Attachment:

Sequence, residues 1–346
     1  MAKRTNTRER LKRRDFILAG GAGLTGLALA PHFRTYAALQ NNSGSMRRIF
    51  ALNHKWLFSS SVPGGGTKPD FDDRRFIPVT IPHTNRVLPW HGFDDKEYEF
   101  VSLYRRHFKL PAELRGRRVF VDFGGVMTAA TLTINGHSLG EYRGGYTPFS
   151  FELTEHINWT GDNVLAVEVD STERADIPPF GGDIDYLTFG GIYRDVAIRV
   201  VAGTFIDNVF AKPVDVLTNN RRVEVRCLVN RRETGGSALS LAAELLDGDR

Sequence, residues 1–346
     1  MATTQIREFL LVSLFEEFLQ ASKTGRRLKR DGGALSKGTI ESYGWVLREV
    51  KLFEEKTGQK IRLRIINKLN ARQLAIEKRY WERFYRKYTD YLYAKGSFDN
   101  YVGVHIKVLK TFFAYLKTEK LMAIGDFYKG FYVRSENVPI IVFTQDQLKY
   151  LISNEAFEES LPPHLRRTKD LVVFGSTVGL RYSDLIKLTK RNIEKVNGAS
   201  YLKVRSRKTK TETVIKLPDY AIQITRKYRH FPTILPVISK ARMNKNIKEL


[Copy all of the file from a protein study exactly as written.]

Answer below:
Sequence, residues 1–346
     1  MAKRTNTRER LKRRDFILAG GAGLTGLALA PHFRTYAALQ NNSGSMRRIF
    51  ALNHKWLFSS SVPGGGTKPD FDDRRFIPVT IPHTNRVLPW HGFDDKEYEF
   101  VSLYRRHFKL PAELRGRRVF VDFGGVMTAA TLTINGHSLG EYRGGYTPFS
   151  FELTEHINWT GDNVLAVEVD STERADIPPF GGDIDYLTFG GIYRDVAIRV
   201  VAGTFIDNVF AKPVDVLTNN RRVEVRCLVN RRETGGSALS LAAELLDGDR

Sequence, residues 1–346
     1  MATTQIREFL LVSLFEEFLQ ASKTGRRLKR DGGALSKGTI ESYGWVLREV
    51  KLFEEKTGQK IRLRIINKLN ARQLAIEKRY WERFYRKYTD YLYAKGSFDN
   101  YVGVHIKVLK TFFAYLKTEK LMAIGDFYKG FYVRSENVPI IVFTQDQLKY
   151  LISNEAFEES LPPHLRRTKD LVVFGSTVGL RYSDLIKLTK RNIEKVNGAS
   201  YLKVRSRKTK TETVIKLPDY AIQITRKYRH FPTILPVISK ARMNKNIKEL